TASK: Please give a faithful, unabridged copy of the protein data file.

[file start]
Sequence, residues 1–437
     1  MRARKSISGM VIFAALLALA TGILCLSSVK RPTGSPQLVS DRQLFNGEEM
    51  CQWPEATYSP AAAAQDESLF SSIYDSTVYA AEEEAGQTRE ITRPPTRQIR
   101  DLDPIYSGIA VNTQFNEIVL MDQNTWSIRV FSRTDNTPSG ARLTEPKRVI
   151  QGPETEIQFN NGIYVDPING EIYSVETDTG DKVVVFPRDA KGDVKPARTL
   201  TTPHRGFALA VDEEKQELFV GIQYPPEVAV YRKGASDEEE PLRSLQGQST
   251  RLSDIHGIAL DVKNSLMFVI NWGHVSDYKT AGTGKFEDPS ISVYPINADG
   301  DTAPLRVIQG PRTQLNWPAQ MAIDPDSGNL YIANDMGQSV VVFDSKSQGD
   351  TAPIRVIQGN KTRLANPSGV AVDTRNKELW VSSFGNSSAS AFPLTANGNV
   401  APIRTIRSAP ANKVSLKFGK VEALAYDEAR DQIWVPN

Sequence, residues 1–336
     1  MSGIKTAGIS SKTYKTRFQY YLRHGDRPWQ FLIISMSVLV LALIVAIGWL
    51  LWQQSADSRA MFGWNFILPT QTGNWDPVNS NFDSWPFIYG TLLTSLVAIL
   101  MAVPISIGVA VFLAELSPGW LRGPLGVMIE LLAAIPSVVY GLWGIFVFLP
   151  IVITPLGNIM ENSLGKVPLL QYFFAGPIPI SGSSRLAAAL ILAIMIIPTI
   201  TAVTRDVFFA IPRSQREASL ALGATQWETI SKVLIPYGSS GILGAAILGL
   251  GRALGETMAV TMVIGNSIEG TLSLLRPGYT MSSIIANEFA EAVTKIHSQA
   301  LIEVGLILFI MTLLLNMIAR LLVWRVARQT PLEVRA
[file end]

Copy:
Sequence, residues 1–437
     1  MRARKSISGM VIFAALLALA TGILCLSSVK RPTGSPQLVS DRQLFNGEEM
    51  CQWPEATYSP AAAAQDESLF SSIYDSTVYA AEEEAGQTRE ITRPPTRQIR
   101  DLDPIYSGIA VNTQFNEIVL MDQNTWSIRV FSRTDNTPSG ARLTEPKRVI
   151  QGPETEIQFN NGIYVDPING EIYSVETDTG DKVVVFPRDA KGDVKPARTL
   201  TTPHRGFALA VDEEKQELFV GIQYPPEVAV YRKGASDEEE PLRSLQGQST
   251  RLSDIHGIAL DVKNSLMFVI NWGHVSDYKT AGTGKFEDPS ISVYPINADG
   301  DTAPLRVIQG PRTQLNWPAQ MAIDPDSGNL YIANDMGQSV VVFDSKSQGD
   351  TAPIRVIQGN KTRLANPSGV AVDTRNKELW VSSFGNSSAS AFPLTANGNV
   401  APIRTIRSAP ANKVSLKFGK VEALAYDEAR DQIWVPN

Sequence, residues 1–336
     1  MSGIKTAGIS SKTYKTRFQY YLRHGDRPWQ FLIISMSVLV LALIVAIGWL
    51  LWQQSADSRA MFGWNFILPT QTGNWDPVNS NFDSWPFIYG TLLTSLVAIL
   101  MAVPISIGVA VFLAELSPGW LRGPLGVMIE LLAAIPSVVY GLWGIFVFLP
   151  IVITPLGNIM ENSLGKVPLL QYFFAGPIPI SGSSRLAAAL ILAIMIIPTI
   201  TAVTRDVFFA IPRSQREASL ALGATQWETI SKVLIPYGSS GILGAAILGL
   251  GRALGETMAV TMVIGNSIEG TLSLLRPGYT MSSIIANEFA EAVTKIHSQA
   301  LIEVGLILFI MTLLLNMIAR LLVWRVARQT PLEVRA